Cyprus has dropped from the top place of the European Environment Agency’s list classifying the best quality bathing waters in the EU.
In last year’s study, Cyprus had the best quality bathing waters for 2020, after having 112 coastal sites sampled passing with a perfect score of 100 per cent.
In this year’s European Environment Agency study on EU’s bathing water quality, Cyprus ranked fifth, numbering 112 ‘excellent’ sites out of 120, taking up a 93.3 per cent share but marking a drop of almost 7 per cent from last year.
Crucially, bathing waters with no quality classification make up a notable part of the study’s inventory because Covid-19 related restrictions, including prohibition of access to waters for bathing and sampling, prevented the gathering of those sample datasets.
The implication for Cyprus – as well as for a few other countries – is that 6.7 per cent of its inventory is missing sample datasets leading to a negative impact on its previous classification. Moreover, in comparison to last year’s study, Cyprus has now introduced eight additional sites, all unclassified.
In essence, compared to last year, the classification of Cypriot waters has not changed and remains excellent notwithstanding the drop from the top.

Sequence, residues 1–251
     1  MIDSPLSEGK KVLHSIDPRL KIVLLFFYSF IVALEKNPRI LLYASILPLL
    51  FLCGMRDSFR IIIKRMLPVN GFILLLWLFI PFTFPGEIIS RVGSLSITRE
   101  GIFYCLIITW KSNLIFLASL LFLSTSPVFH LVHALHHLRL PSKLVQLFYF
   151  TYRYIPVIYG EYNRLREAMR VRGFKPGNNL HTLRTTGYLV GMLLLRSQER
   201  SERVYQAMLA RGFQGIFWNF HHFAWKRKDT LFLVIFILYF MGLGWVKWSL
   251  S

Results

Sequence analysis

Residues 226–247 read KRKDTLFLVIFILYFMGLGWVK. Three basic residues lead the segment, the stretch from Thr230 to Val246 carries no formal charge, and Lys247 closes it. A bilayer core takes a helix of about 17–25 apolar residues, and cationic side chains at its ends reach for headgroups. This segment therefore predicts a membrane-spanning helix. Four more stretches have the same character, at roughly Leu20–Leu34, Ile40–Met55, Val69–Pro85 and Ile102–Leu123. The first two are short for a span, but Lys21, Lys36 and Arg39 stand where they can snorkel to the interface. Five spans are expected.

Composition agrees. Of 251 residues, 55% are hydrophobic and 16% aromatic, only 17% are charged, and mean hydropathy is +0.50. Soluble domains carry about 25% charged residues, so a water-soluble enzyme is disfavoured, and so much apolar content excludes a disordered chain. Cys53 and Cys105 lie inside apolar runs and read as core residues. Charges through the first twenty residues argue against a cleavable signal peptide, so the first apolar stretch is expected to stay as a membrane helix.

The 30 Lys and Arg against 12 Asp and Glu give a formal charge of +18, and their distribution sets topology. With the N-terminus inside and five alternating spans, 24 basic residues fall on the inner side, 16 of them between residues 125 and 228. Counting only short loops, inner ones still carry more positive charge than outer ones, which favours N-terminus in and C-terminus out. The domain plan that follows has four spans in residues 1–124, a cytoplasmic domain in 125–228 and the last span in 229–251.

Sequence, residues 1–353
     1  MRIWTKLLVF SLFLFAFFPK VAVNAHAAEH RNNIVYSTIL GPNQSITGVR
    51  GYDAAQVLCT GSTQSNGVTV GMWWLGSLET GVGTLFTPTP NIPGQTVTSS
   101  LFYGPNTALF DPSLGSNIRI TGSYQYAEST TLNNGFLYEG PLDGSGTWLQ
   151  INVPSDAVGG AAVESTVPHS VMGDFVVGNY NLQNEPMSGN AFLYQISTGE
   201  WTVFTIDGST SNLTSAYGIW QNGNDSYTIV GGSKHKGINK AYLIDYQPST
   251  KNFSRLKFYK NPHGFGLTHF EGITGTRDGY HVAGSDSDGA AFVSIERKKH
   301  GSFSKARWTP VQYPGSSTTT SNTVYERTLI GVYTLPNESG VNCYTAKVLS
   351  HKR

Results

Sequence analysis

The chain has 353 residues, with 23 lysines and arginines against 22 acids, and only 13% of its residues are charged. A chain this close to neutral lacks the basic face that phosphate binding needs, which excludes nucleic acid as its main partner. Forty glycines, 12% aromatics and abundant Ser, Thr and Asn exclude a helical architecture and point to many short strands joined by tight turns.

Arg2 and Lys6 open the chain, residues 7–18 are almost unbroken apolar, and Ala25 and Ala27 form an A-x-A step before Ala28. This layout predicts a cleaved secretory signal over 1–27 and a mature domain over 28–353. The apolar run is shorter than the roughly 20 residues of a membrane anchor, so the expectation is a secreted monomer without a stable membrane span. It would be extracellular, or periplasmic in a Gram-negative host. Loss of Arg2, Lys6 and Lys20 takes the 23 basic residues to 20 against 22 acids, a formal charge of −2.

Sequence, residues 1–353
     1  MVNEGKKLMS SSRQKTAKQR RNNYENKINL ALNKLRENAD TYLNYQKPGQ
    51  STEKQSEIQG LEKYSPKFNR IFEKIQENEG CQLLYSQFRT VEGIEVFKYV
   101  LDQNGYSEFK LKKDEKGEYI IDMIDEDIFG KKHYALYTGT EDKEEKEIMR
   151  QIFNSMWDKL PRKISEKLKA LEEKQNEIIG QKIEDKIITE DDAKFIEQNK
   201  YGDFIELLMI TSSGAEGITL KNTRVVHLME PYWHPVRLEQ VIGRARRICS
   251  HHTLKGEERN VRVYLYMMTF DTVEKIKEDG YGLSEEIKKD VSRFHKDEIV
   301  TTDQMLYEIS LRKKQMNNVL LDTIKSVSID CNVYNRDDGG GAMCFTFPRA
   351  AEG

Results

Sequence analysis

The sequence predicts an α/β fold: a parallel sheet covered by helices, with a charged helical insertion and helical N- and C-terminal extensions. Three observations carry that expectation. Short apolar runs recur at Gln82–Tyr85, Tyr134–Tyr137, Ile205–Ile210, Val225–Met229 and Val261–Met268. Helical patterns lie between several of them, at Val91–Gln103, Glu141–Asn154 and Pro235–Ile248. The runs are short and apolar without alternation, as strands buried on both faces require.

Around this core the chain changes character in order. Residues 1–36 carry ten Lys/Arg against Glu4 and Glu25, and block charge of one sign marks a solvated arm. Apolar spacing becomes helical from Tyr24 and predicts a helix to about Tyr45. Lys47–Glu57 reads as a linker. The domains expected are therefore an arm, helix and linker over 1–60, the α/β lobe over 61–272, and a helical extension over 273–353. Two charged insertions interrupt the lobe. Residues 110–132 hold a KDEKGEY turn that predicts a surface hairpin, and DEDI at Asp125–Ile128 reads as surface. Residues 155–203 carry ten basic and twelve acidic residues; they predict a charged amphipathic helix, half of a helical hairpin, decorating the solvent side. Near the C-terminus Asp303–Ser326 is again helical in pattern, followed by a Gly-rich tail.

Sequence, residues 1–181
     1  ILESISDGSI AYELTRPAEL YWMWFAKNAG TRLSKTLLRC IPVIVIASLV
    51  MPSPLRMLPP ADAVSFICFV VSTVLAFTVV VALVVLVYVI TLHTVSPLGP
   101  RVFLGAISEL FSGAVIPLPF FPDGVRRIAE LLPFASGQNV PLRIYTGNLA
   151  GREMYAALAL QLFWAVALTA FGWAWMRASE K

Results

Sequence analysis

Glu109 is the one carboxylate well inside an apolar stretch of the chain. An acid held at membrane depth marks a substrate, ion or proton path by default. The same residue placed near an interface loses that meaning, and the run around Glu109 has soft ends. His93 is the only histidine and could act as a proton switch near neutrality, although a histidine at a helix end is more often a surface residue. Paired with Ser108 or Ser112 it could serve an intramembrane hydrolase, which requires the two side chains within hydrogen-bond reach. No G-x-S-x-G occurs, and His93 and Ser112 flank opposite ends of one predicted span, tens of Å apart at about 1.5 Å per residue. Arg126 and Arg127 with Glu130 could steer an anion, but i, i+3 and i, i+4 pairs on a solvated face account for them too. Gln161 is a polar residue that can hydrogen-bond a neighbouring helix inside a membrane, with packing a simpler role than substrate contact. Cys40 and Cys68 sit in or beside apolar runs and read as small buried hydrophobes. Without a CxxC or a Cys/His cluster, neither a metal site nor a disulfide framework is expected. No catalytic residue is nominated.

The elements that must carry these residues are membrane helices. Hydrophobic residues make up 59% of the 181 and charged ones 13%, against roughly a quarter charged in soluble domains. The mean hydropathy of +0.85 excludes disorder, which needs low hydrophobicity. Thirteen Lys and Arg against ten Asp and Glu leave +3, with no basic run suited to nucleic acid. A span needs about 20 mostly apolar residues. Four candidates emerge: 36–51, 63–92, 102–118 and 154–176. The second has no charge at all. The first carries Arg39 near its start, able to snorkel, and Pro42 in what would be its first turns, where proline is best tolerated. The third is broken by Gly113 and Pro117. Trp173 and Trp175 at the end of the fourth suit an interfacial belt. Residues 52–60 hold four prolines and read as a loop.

Regarding the overall picture, bathing water quality in the EU has been improving continuously since the adoption of the Bathing Water Directive in 2006 and currently remains high, with 95.2 per cent of sites sampled meeting the minimum water quality standards.
Austria ranked first, numbering 255 ‘excellent’ sites with a 97.7 per cent share, Malta ranked second with 84 ‘excellent’ sites and a 96.6 per cent share, Greece numbered 1,612 ‘excellent’ sites with a 95.8 per cent share and Croatia ranked fourth, with 895 ‘excellent’ sites taking up an 87.5 per cent share.
In addition, the share of poor-quality sites has dropped since 2013 from 2 per cent to 1.5 per cent marking an improvement in the management of poor bathing sites.
The countries with the biggest share of poor-quality sites are Albania with eight sites (6.7 per cent), the Netherlands with 34 sites (4.6 per cent), Latvia with two sites (3.6 per cent), Sweden with 16 sites (3.5 per cent), Slovakia with one site (3.1 per cent), and France with 99 sites (3 per cent).